That dude shrugs it off and drives straight home, through the night, to his wife and kids. And guess what? That dude deserves a medal, a cookie, and a day named after him. Damn.

Monday, June 15, 2009

New Straw Dogs Material

Hey, check this out. Readers will remember when I found an address for Rob van Vliet and sent, more or less, a fan letter conveying my fondness for "If This Is Crazy" and "Clown Car" from the Larson Coffeehouse tape on which I also appeared and asking whether he'd recorded anything else. He set up a download site for a sampler of his material and now has added more.

Three Free Albums!

Good stuff. Here is a quote from Rob:

Jason says that if you link to our music download page from your blog, he would appreciate if you call attention to the lo-fi nature of these recordings (something I've already done on the download page, but it's a caveat worth repeating, I think).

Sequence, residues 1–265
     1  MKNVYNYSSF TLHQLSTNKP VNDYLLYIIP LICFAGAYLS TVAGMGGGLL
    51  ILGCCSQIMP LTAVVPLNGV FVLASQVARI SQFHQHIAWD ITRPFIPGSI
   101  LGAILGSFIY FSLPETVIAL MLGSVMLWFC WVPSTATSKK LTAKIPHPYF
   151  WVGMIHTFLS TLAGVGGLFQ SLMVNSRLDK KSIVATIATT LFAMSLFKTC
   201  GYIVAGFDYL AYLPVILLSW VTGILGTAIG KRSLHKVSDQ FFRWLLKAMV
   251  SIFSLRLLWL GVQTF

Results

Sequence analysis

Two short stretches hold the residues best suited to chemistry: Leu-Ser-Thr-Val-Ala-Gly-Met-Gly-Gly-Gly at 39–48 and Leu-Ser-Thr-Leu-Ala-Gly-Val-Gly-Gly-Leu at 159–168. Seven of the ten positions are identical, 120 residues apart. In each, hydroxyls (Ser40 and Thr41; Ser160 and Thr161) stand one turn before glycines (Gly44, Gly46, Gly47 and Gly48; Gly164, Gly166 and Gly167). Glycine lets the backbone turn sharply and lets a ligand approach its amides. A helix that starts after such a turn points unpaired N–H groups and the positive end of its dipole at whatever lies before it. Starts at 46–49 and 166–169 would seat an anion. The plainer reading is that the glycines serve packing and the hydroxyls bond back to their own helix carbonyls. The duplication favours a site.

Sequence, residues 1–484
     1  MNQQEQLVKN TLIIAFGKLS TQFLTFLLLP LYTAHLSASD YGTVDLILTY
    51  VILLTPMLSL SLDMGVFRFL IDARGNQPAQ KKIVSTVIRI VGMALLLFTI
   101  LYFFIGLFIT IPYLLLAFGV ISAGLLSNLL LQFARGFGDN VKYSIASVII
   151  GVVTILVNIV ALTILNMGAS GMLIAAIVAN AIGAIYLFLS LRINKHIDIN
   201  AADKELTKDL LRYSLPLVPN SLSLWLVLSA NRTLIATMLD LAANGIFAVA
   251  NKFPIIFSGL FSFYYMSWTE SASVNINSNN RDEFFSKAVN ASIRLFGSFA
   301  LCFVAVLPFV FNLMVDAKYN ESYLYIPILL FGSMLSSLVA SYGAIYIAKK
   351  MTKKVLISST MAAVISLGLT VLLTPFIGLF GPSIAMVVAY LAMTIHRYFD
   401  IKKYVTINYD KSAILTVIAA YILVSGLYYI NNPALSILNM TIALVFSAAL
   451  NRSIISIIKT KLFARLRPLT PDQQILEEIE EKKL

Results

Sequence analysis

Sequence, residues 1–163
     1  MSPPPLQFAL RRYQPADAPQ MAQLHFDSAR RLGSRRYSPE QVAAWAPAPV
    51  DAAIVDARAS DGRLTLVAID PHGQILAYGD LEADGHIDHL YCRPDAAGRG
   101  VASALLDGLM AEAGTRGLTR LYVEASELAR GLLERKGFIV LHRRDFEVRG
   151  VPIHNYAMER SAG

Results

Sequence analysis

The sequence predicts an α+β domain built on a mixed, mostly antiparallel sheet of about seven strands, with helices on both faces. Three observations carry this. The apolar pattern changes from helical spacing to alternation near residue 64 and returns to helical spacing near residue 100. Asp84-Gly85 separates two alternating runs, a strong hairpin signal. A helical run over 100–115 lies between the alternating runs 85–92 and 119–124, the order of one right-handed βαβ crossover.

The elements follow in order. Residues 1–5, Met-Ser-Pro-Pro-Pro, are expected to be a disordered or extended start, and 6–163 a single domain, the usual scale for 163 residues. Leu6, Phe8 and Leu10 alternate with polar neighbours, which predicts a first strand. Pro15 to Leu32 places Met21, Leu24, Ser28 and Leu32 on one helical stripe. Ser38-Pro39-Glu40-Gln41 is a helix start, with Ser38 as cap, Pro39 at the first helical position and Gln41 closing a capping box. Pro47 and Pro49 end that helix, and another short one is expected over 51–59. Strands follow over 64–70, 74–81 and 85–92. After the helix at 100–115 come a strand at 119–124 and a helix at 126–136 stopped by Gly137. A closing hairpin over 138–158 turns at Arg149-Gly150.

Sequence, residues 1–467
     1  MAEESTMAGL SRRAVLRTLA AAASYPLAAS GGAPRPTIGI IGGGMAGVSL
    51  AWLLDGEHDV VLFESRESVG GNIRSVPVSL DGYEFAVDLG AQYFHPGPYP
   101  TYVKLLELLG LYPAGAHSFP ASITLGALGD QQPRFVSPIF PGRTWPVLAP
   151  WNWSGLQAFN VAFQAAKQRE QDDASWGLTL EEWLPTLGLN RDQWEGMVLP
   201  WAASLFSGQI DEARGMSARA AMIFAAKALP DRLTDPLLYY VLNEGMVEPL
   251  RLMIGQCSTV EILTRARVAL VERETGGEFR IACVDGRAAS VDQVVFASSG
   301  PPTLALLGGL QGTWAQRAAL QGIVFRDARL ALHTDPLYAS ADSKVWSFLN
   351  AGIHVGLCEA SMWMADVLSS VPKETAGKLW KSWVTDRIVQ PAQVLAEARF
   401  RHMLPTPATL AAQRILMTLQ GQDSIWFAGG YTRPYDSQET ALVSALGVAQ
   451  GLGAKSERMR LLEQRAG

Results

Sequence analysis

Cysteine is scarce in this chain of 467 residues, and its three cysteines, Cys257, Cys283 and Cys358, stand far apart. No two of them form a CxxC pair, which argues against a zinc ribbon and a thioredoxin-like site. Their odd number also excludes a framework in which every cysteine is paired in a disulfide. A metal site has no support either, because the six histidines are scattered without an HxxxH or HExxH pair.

Done. That's never bothered me much.

Sunday, June 14, 2009

Fun Show in the Rain

Around 1:45 this afternoon I loaded up my car with PA and drums and drove to Grantsburg, WI. I got there with over an hour to spare, so walked around "downtown", which was nearby and somewhat deserted, and meditated on a bench facing Memory Lake, which was where we were playing, inspiring and beautiful. Karl and Bill showed up a little before 5 and we set up as Pete arrived, then Andy. We had quite a big crowd, maybe 70 people on lawn chairs. We were at the edge of a picnic pavilion facing out.

The crowd bought food and ate. I think the money went to a charity maybe. We played well for several songs then it started to absolutely pour. We lost much of the crowd, but the pavilion became immediately packed with people. I was then sitting at a picnic bench facing away from them, as was Bill. Karl, Andy, and Pete turned around to face them. It was an interesting way to continue the show.